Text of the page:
Eau Eternelle, the first release from the new independent fragrance house S Poncet, is described as a perfume of "never ending exhilaration." The S Poncet website lists its notes as lemon, mandarin, grapefruit, petitgrain, lavender, rosemary, patchouli, sandalwood, and moss; additional notes (via Beautyhabit) include jasmine, carnation, lotus, clove, patchouli, and guaiac wood. Its sources of inspiration, according to founder Sabine Poncet, are a child-like painting of swimming fish and memories of Monet's garden at Giverny.
Eau Eternelle opens on a cluster of citrus-floral top notes with a fizzy, aldehydic kick. Its initial phase also seems to include an ozonic-aquatic note with a hint of melon; it's not my favorite thing to encounter in any fragrance, but it fades away before long. In the heart of the fragrance, jasmine and lily are most prominent, and I'm wondering whether some rose might be hovering there as well. Eau Eternelle has a slightly mossy base under the extended floral notes. It's a "perfume-y" perfume, quite feminine, and not as fresh or watery as the description (or the opening notes) would suggest. It has a somewhat old-fashioned sensibility, which is a good thing in my book. It reminds me vaguely of some French white-floral perfume of the 1970s, perhaps something that Coty or Caron would have released during those years. It works as a casual-chic daytime fragrance, but it could easily make the transition into evening.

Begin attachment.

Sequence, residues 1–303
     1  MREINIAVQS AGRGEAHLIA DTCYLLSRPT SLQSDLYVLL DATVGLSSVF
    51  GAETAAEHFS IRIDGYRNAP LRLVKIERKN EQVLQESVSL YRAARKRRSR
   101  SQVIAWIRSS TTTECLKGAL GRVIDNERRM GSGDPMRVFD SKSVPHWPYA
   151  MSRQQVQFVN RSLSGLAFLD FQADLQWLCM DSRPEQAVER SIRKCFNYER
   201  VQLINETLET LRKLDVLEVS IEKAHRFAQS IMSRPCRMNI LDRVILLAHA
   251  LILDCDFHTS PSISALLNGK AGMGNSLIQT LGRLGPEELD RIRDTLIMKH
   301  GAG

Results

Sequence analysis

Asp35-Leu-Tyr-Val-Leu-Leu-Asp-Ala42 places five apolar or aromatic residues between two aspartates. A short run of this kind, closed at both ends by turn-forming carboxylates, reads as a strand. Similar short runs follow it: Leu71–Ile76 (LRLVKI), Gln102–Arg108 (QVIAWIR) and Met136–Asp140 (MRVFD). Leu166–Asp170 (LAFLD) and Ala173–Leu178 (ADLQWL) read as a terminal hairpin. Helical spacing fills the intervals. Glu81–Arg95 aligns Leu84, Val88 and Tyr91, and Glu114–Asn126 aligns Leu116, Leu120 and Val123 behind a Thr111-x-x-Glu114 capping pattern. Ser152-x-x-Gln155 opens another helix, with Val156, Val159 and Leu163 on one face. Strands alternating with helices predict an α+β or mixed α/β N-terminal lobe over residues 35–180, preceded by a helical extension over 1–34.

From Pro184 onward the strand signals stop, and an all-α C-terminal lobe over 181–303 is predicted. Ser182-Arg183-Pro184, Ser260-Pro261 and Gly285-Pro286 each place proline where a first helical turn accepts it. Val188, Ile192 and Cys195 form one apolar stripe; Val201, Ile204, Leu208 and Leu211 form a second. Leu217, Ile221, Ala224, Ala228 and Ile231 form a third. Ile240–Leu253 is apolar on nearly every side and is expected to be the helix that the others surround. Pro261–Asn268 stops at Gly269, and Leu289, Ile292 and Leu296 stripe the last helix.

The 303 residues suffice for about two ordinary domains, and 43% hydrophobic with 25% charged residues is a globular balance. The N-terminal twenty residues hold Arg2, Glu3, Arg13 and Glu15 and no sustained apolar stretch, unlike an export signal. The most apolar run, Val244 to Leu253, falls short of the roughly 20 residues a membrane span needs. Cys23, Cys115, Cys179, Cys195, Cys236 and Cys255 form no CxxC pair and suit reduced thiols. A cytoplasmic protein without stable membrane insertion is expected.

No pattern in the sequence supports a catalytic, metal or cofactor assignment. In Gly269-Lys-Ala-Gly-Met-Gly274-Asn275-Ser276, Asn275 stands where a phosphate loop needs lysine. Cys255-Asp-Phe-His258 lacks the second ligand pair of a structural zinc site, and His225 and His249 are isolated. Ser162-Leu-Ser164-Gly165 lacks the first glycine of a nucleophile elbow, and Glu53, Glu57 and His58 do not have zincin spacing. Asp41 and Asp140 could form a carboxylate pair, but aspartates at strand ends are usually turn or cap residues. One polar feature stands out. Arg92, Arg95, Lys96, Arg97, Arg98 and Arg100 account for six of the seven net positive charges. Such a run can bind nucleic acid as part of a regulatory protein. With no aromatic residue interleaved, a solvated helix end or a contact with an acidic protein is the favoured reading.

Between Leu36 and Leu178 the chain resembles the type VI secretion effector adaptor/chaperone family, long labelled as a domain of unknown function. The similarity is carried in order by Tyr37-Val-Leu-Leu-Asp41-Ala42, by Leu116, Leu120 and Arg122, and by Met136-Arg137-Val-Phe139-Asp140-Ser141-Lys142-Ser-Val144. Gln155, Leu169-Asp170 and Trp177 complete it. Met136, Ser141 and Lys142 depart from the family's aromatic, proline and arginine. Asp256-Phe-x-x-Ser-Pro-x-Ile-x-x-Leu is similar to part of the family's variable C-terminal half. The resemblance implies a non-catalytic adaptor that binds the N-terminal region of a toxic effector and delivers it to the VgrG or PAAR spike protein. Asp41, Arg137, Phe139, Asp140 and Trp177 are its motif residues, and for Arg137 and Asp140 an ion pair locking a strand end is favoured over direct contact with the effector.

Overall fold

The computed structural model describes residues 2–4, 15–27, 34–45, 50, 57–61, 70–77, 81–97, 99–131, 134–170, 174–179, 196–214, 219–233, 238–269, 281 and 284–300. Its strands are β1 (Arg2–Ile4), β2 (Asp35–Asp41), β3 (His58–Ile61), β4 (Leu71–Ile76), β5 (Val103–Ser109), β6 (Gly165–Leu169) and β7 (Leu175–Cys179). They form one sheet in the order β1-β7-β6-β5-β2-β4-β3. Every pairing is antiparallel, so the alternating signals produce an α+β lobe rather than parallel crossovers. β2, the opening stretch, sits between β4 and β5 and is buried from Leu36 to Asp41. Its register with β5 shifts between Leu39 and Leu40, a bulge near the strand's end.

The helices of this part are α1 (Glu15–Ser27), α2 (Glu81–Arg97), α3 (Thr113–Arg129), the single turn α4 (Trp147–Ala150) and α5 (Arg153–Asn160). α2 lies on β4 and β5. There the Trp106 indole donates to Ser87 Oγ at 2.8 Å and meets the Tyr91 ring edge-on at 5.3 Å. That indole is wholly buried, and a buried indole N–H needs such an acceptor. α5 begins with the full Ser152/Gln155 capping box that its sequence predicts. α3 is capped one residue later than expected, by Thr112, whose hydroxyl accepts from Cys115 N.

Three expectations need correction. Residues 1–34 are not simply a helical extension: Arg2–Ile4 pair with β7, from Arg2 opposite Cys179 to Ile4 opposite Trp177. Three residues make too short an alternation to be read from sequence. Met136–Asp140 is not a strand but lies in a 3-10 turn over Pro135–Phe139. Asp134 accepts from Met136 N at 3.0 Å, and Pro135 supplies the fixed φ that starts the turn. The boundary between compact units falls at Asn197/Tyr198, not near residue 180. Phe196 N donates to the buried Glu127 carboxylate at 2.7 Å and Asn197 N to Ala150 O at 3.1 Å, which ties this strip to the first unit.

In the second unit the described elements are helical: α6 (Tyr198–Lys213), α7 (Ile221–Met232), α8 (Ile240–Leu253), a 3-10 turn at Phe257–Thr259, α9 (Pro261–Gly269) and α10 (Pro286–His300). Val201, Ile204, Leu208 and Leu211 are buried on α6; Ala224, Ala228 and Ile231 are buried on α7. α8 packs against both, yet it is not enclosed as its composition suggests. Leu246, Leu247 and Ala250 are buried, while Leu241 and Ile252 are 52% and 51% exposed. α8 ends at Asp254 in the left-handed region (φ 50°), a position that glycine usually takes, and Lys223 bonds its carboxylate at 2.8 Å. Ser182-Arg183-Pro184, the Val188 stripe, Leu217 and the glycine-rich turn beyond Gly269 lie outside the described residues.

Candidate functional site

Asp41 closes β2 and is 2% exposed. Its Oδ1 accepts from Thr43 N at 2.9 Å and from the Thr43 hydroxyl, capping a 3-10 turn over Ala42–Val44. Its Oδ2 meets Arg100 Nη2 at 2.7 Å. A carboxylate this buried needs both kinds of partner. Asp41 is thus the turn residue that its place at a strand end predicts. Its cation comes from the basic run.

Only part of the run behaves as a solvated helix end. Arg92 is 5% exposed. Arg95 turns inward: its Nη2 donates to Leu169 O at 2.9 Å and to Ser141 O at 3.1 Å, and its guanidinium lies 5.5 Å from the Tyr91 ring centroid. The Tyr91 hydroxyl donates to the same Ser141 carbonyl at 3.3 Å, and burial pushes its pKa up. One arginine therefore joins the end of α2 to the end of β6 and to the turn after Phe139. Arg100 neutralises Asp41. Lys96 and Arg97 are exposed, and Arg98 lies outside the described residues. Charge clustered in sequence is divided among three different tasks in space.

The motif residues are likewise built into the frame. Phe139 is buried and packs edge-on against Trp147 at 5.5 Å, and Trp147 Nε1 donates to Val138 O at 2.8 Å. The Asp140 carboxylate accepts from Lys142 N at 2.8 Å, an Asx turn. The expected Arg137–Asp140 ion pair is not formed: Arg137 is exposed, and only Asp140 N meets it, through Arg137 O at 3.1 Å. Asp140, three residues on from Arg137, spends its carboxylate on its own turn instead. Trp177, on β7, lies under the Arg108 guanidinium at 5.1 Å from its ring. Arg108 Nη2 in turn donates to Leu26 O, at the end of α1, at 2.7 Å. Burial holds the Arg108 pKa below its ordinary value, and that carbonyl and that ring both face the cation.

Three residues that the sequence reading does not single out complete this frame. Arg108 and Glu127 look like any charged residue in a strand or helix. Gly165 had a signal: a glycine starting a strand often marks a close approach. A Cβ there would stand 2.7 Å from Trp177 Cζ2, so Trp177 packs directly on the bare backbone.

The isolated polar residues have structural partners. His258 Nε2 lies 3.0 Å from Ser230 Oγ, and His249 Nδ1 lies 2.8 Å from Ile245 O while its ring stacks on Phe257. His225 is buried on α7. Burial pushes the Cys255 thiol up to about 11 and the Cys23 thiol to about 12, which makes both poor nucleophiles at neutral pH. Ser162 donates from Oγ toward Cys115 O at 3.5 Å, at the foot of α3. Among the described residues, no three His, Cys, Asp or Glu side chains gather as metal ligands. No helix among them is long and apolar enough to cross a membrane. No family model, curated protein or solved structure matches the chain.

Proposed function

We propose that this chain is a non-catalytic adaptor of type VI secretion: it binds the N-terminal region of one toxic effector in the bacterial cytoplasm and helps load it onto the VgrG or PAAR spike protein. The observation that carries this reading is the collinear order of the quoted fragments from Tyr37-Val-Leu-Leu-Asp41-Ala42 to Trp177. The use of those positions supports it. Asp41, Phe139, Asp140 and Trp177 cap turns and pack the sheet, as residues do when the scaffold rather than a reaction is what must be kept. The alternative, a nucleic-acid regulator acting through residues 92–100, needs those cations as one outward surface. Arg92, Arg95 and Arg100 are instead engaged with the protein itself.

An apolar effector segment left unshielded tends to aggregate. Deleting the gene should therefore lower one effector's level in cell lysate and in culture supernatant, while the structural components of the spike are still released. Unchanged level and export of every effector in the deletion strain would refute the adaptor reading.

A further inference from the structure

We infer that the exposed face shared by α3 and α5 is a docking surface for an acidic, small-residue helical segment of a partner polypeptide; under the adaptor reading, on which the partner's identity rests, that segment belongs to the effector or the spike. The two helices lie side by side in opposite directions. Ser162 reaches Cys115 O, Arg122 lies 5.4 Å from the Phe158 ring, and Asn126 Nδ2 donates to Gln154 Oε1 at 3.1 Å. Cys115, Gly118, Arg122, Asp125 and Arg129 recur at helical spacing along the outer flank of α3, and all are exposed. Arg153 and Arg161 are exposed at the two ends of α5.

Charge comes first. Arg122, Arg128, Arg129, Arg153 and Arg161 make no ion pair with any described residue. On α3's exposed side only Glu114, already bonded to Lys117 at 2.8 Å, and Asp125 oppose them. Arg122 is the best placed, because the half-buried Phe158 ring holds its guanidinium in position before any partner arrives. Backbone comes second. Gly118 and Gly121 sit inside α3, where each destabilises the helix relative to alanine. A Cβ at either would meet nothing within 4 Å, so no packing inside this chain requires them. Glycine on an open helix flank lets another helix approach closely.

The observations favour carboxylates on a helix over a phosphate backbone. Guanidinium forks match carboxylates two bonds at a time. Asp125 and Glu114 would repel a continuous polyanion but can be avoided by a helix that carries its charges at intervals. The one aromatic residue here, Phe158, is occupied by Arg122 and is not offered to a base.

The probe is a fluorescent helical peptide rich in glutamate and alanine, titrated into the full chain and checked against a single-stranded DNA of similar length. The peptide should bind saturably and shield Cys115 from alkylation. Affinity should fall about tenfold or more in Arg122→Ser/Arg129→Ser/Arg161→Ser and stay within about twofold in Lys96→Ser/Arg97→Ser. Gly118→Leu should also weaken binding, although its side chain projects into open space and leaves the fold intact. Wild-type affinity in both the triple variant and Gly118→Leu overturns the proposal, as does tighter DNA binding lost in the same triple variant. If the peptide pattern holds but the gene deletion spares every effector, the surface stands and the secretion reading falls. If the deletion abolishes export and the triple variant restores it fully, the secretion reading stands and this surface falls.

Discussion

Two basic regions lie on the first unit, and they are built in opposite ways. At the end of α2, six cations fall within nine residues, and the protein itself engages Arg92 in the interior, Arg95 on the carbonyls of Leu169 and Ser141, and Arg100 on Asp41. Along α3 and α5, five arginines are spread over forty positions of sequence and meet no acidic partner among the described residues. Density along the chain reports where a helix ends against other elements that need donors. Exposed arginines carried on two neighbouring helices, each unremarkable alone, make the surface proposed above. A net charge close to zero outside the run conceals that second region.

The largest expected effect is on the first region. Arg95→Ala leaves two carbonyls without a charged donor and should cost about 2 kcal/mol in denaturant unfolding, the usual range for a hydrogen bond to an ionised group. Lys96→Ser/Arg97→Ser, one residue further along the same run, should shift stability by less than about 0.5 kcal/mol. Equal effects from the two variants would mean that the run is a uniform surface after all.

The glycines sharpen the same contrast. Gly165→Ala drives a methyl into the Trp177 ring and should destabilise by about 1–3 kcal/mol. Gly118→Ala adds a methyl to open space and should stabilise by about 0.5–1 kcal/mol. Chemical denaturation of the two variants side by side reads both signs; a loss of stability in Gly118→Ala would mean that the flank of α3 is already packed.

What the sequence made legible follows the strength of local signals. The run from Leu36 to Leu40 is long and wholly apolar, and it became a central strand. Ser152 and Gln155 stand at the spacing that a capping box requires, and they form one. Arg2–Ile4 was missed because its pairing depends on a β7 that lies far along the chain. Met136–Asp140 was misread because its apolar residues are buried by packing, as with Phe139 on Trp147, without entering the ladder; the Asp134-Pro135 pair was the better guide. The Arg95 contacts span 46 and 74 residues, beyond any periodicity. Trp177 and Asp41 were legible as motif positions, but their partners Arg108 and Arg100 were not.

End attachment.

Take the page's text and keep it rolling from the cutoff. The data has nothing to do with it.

The packaging and overall design of this new line are nicely done. Eau Eternelle's clear-glass bottle is substantial and well crafted, with faceted corners and a narrow strip of blue ribbon around its neck, and S Poncet also offers a limited edition silk scarf, an enameled bracelet, and earrings, all sharing the design or colors of the Eau Eternelle packaging. (The second S Poncet fragrance will be released in late fall; it is reportedly inspired by an oak forest in the Loire Valley of France, with notes of wet earth, mushrooms, and decaying leaves, and it will have its own color scheme and matching accessories.)
Lastly, a close look reveals that S Poncet's logo is the mayfly, an insect belonging to the order Ephemeroptera. Ephemeros, the Greek word for "short-lived," is also the official name of Poncet's company. It's a thoughtful and lovely metaphor for fragrance or any fleeting pleasure.
Note: image is Claude Monet, Flowering Arches, Giverny (1913) [cropped] via Wikimedia Commons.